Las Vegas cop who was too scared to enter Paddock's room still training officers - Baltimore Post-ExaminerBaltimore Post-Examiner

Las Vegas cop who was too scared to enter Paddock’s room still training officers

LAS VEGAS — The Las Vegas Metropolitan Police Officer Cordell Hendrex is still a field training officer even though evidence indicated he was less than a minute away from entering the room where mass killer Stephen Paddock starting shooting but chose to wait it out as dozens died.

Hendrex’, and Officer Elif Varsin’s decision not to enter the room on October 1 was on par with the decision made by the Florida officer who failed to enter the school as children were being slaughtered last month.

In an email sent to the Baltimore Post-Examiner LVMPD spokesmaOfficer Larry Hadfield wrote: “Hendrex   – Active Tourist Safety Division/Convention Center Area Command/Patrol/FTO.  Varsin – Active Tourist Safety Division/Convention Center Area Command/Patrol.”

In his report Hendrex said on October 1 he and Varsin, his day-two trainee, along with armed Mandalay Bay security personnel were on the 31stf loor of the Mandalay Bay Hotel hearing the gunshots of gunman Stephen Paddock emanating from the 32nd floor as Paddock was actively killing and wounding helpless concert attendees at the Route 91 Music Festival.

No action was taken to stop Paddock. How many more lives could have been saved if one of those officers entered the room will never be known.

“Once we were near the end of the hall we heard a volley of automatic rifle fire start,” Hendrex said.  The sound of the shots were so very loud and reverberated through the hall like thunder all around and above us.  Above us!  I could tell that it was coming from the floor above us on 32.  I then told everyone to get back and we retreated a few doors down from the end of the hall.  I know I hesitated and remember being terrified with fear and I think I froze right there in the middle of the hall for how long I can’t say.  I do know that at 2212 hours I got on the radio and told dispatch that I was inside the Mandalay Bay on the 31stfloor and that I could hear the automatic fire coming from the floor above us.”

“I once again hesitated as the shots were still being fired from the 32ndfloor and I remember saying another prayer in my head for God to keep us safe.  I did not know what to do next.”

Terrified with fear, froze in the hall for how long he can’t say, hesitated again and did not know what to do next.  All the while people were being slaughtered across the street.

Clark County Sheriff Joe Lombardohas remained mute on this subject.

What we do know is that Hendrex is still a police officer protectingcitizens and still training new police officers.

Amazing.

Never forget 58 people died the night of October 1st  and more than 400 others were wounded during Paddock’s gunfire.

 





About the author

Doug Poppa

Doug authored over 135 articles on the October 1, 2017 Las Vegas Massacre, more than any other single journalist in the country. He investigates stories on corruption, law enforcement and crime. Doug is a US Army Military Police Veteran, former police officer, deputy sheriff and criminal investigator. Doug spent 20 years in the hotel/casino industry as an investigator and then as Director of Security and Surveillance. He also spent a short time with the US Dept. of Homeland Security, Transportation Security Administration. In 1986 Doug was awarded Criminal Investigator of the Year by the Loudoun County Sheriff’s Office in Virginia for his undercover work in narcotics enforcement. In 1992 and 1993 Doug testified in court that a sheriff’s office official and the county prosecutor withheld exculpatory evidence during the 1988 trial of a man accused of the attempted murder of his wife. Doug’s testimony led to a judge’s decision to order the release of the man from prison in 1992 and awarded him a new trial, in which he was later acquitted. As a result of Doug breaking the police “blue wall of silence,” he was fired by the county sheriff. His story was featured on Inside Edition, Current Affair and CBS News’ “Street Stories with Ed Bradley”. In 1992 after losing his job, at the request of the Federal Bureau of Investigation, Doug infiltrated a group of men who were plotting the kidnapping of a Dupont fortune heir and his wife. Doug has been a guest on national television and radio programs speaking on the stories he now writes as an investigative journalist. Contact the author.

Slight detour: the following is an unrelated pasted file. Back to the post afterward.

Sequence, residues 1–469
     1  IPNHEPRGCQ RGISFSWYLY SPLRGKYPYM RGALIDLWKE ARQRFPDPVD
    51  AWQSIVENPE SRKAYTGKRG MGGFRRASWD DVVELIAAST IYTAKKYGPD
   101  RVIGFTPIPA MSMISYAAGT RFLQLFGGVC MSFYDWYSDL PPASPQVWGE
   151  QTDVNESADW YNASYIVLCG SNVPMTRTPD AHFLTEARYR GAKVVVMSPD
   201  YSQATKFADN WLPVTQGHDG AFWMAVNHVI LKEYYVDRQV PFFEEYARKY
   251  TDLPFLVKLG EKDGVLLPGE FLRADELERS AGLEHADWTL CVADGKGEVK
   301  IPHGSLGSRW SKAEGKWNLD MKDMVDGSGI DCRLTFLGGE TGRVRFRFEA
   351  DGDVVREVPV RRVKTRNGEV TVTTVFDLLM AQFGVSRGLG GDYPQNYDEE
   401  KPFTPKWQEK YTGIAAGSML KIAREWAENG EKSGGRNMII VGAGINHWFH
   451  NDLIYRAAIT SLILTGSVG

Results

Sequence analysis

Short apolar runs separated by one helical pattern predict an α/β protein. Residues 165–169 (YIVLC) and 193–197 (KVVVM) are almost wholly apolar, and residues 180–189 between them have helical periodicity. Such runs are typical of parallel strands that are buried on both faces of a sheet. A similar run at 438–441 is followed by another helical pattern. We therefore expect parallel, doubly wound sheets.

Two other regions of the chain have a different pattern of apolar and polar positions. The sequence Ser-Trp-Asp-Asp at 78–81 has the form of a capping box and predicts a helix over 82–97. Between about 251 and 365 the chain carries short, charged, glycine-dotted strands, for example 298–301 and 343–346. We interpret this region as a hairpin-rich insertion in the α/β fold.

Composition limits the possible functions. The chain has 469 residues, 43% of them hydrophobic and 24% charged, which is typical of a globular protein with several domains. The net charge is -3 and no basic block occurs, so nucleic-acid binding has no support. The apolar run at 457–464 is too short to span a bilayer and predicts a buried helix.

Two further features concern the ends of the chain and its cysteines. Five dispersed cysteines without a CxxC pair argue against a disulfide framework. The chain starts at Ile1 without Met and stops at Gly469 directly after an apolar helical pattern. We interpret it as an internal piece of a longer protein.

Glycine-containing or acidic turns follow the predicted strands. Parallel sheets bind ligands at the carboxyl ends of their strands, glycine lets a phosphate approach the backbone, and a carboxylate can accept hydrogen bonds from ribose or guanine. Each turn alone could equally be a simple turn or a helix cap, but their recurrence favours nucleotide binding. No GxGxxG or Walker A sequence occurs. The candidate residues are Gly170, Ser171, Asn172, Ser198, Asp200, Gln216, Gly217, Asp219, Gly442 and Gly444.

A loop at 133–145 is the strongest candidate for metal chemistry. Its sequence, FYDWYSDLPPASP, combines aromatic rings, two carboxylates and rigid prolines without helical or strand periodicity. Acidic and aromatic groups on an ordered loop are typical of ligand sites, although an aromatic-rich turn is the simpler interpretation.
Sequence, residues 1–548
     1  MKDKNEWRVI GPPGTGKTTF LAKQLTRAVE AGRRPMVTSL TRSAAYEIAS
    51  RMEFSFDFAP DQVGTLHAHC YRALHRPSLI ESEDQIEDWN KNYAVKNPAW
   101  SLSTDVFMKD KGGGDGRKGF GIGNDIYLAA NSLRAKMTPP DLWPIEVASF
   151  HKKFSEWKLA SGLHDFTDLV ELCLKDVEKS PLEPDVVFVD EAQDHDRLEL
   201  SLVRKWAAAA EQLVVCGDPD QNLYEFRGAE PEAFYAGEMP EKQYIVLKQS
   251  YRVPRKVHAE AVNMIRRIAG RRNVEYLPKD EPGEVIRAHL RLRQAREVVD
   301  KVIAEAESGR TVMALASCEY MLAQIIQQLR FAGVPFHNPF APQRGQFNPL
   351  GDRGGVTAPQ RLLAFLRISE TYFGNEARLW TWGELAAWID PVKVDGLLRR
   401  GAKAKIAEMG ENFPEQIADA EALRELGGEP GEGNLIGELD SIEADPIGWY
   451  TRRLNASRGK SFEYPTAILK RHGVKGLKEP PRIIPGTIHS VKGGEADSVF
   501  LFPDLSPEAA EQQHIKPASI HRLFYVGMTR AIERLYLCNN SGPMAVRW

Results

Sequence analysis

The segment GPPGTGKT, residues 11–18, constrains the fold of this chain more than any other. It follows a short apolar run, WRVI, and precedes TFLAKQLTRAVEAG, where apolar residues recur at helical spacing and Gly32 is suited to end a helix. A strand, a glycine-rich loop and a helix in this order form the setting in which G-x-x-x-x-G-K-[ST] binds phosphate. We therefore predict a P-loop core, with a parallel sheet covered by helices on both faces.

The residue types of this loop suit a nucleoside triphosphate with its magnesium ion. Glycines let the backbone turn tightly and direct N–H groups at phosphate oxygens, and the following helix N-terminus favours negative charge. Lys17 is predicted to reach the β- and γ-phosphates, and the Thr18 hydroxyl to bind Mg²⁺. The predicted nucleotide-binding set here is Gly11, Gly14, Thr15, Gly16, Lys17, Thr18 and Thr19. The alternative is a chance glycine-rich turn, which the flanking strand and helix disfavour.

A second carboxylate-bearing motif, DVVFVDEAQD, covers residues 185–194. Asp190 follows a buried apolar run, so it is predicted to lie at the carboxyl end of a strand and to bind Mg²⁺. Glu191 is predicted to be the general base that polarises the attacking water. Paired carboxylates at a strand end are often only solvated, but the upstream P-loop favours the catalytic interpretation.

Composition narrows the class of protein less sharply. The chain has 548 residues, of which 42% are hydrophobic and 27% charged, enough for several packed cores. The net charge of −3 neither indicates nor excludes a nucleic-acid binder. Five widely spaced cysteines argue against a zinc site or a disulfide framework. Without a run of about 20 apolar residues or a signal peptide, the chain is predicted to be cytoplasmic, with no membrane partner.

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4 Comments

  1. MattBracken says:

    Just putting rounds into Paddock’s suite from outside probably would have caused him to redirect his attention to the hallway and stopped the slaughter.
    For shame.

    Reply
    • Doug Poppa says:

      So true Matt, so true. Any type of response from Hendrex would have been better than retreating, hesitating, froze, didn’t know what to do next. And none of the national media has picked this up yet. And he had a small group of armed officers with him, so he says.

      Reply
      • MattBracken says:

        Maybe in this case, a training officer (rule bound, in the box) was exactly the wrong guy. It’s way out of the box to just fire into a room, but in this case, it’s exactly what was needed to draw Paddock’s attention away from the window. And many of these guys off themselves the minute they get resistance.

        Reply
        • Doug Poppa says:

          Some people just can’t think out of the box and in this case it resulted in more deaths and injuries. Hendrex said he did not know what to do next. Freaking disgraceful coming from a cop and a field training officer at that. So true Matt.

          Reply

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